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What kind of degree (maths or physics) is more suitable if one's objec

  1. Jul 8, 2014 #1
    maths or physics degree for theoretical physics?

    In my country

    1. on the one hand, I feel that BSc degrees in physics do not provide adequate mathematical
    training (that is to say, you've to study nearly-all maths rigorously on your own because only 3 courses in analysis and 1 in geometry and linear algebra are offered), but offer a broad physics overview (that is to say, lots of actual physics courses) and even 2-3 theorical physics courses (special relativity, statistical mechanics, quantum theory, non-linear physics, etc);

    2. on the other hand, maths degrees provide the mathematical training but are weak when it comes to learn actual physics (there are only 2 general courses at a basic level of understanding and 2 courses in mathematical physics (mechanics)).

    It is, however, possible to take some extra courses (although it is extremely difficult: for example, take special relativity and quantum mechanics as a math degree; or a couple of extra geometry courses as a physics degree. This does not provide complete math training nor complete physics training, though.

    That having been said, what kind of degree (maths or physics) is more suitable if one's objective is to do good research in mathematical and theoretical physics?
    Last edited: Jul 8, 2014
  2. jcsd
  3. Jul 8, 2014 #2
    Mathematical and theoretical physics is not specific enough to say. Generally, I would tend to side with physics if you want to do physics, but math would be better if you want to work on physics-inspired math, rather than physics itself.
  4. Jul 9, 2014 #3
    Can you make an example of what you mean by physics-inspired math?
  5. Jul 9, 2014 #4
    Topological quantum field theory, for example. That's what I studied in grad school, and it was still fairly far from physics, at least in my case. I learned a decent amount of physics, but only enough to vaguely grasp what quantum field theory had to do with what I was doing, not that I was specifically working in terms of path integrals. Probably, I would have done just as well if I hadn't known any physics--I didn't really use it explicitly, although having a basic familiarity at least the idea of Hilbert spaces and operators in quantum mechanics does provide for better motivation.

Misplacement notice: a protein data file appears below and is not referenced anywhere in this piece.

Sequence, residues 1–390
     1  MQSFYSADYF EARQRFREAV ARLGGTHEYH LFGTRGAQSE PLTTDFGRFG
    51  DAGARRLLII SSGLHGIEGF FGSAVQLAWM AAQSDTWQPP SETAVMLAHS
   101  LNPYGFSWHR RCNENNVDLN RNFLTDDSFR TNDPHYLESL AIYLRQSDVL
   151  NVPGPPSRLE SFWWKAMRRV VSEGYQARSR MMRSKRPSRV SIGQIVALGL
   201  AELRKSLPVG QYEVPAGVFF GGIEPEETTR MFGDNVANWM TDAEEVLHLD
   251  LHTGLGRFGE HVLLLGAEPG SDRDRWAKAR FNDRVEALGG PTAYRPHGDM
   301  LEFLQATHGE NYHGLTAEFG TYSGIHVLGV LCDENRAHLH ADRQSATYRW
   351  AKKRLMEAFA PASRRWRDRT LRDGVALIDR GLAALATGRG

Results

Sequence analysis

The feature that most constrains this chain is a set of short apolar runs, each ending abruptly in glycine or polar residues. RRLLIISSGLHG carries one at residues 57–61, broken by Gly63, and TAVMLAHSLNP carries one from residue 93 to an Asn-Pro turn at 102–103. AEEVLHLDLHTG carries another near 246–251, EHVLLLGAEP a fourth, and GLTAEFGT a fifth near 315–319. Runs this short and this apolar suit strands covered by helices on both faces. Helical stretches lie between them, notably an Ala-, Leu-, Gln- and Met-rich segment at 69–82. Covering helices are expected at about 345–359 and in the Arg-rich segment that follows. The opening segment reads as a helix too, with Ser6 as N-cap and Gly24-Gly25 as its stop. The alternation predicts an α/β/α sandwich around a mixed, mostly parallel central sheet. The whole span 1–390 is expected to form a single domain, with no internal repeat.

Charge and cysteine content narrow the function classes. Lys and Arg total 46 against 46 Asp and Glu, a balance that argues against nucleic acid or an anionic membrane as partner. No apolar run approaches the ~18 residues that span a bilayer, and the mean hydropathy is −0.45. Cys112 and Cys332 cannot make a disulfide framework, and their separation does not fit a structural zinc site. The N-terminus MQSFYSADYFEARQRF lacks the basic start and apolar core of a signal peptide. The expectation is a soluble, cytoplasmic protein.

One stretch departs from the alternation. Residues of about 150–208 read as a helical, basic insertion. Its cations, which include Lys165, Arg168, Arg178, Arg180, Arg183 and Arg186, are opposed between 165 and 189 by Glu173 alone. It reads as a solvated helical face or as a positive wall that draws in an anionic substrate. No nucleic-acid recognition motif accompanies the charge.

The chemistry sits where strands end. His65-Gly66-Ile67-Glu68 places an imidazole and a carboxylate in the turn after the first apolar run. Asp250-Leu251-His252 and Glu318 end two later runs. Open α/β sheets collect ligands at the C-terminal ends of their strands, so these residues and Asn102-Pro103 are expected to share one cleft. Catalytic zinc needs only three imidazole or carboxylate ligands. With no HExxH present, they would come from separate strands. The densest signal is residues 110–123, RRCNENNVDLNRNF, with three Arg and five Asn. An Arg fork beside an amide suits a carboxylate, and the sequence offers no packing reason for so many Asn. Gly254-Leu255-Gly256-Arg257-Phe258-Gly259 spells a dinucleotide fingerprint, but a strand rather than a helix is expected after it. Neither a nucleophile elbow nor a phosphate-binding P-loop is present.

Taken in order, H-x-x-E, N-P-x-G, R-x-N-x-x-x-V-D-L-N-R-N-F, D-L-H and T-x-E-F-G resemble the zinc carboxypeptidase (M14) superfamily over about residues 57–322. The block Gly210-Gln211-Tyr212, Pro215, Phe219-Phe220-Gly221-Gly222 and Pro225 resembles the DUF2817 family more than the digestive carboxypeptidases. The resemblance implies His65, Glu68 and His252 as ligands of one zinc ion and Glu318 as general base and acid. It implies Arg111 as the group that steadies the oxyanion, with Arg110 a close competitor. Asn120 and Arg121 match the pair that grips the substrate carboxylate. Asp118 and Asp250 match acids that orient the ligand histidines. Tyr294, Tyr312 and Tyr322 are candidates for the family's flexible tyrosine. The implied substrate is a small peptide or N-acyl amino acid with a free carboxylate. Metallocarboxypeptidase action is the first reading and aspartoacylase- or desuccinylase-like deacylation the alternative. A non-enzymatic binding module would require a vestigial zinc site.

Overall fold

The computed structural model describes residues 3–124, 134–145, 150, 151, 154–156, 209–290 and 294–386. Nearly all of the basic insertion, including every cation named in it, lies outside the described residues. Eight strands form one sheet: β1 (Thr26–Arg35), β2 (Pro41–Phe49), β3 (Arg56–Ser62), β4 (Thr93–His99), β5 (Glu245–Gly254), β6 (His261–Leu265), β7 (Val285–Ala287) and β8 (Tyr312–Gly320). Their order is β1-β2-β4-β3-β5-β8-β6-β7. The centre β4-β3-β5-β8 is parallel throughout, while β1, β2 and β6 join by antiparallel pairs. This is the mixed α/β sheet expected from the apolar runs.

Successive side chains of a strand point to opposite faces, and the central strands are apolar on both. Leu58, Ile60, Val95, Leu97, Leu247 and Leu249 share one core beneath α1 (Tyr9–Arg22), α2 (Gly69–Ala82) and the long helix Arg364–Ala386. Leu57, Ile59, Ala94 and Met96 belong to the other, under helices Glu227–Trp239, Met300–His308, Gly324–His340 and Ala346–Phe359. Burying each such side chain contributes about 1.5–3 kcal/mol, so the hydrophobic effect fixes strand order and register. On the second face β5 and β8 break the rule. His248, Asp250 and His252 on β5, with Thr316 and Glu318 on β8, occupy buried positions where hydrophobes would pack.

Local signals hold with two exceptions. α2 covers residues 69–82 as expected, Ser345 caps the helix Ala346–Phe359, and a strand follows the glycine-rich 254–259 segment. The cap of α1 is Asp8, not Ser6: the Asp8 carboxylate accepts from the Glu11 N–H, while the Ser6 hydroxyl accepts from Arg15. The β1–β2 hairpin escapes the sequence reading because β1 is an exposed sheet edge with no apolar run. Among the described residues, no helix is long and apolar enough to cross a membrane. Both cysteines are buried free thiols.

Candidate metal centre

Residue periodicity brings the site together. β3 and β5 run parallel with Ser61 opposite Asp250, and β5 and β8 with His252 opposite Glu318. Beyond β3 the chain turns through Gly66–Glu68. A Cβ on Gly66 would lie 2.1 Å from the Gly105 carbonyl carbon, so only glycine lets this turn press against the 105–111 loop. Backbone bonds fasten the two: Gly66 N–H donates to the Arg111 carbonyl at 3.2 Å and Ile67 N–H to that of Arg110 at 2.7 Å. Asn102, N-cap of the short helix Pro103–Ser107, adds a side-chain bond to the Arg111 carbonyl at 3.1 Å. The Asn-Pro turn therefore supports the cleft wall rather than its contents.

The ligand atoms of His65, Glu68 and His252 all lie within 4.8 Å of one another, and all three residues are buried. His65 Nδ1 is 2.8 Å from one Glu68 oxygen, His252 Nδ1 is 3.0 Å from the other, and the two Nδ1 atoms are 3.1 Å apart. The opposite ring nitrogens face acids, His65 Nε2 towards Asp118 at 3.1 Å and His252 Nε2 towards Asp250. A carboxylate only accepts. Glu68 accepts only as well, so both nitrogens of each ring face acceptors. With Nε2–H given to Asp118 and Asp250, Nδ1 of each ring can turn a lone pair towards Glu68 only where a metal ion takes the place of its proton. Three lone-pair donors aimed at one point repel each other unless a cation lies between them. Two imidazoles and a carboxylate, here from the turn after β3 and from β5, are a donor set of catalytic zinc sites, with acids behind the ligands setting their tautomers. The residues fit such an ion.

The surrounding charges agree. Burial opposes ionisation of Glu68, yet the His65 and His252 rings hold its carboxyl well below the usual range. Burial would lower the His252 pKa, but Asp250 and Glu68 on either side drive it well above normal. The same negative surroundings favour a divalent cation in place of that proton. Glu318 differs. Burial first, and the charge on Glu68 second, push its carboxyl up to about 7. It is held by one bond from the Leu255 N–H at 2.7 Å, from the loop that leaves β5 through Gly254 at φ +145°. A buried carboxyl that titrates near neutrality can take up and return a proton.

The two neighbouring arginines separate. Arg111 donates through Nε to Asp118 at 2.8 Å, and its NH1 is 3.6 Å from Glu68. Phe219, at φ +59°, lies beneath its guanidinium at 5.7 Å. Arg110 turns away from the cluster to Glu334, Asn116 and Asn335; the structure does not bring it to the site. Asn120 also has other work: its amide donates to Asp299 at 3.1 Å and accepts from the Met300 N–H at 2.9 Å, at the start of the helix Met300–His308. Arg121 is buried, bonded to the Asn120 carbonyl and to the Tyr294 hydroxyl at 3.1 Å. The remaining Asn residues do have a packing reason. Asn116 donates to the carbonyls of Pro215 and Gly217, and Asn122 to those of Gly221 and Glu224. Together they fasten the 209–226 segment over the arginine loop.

6. Jul 9, 2014 #5


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    Definitely physics, without a doubt. Most mathematics you see in a math degree isn't all that useful for physics, even theoretical physics. Sure, things like analysis, functional analysis, topology, differential geometry have their uses. But getting an intuition for physics is way more important if your intent is to do physics later. The math is the easy part of physics, the physical intuition is what is important.

    Einstein was not very good at mathematics. There were many better than him, such as Hilbert, Poincare, Levi-Civita, etc. But he had an amazing physical intuition, which enabled him to be one of the greatest physicists. Other physicists are better at mathematics, but if you don't grow that physical intuition, you will never get there as a physicist, no matter how well you know your math!

  7. Jul 10, 2014 #6
    In my own case, I sort of would have preferred to do a physics PhD, but I was afraid of all the ugly calculations and, ironically, the lack of physical intuition in physics, so I went for math and tried to work in as much physics as I could with it, but in math departments, it's rare to find people who are enough of a physicist to be suitable for such a thing, although you might luck out and find someone like John Baez in a math department to work with (unfortunately, he doesn't seem to be doing mathematical physics anymore). Also, at the time when I applied for grad school, I was more rigorous and more abstract than I am now, so it made more sense back then, in a way, but I probably would have been happier in physics because I don't care that much about complicated math, unless it's telling me something of philosophical or scientific significance that adds to my understanding of the world around me. I took a couple physics graduate classes, and they weren't bad.
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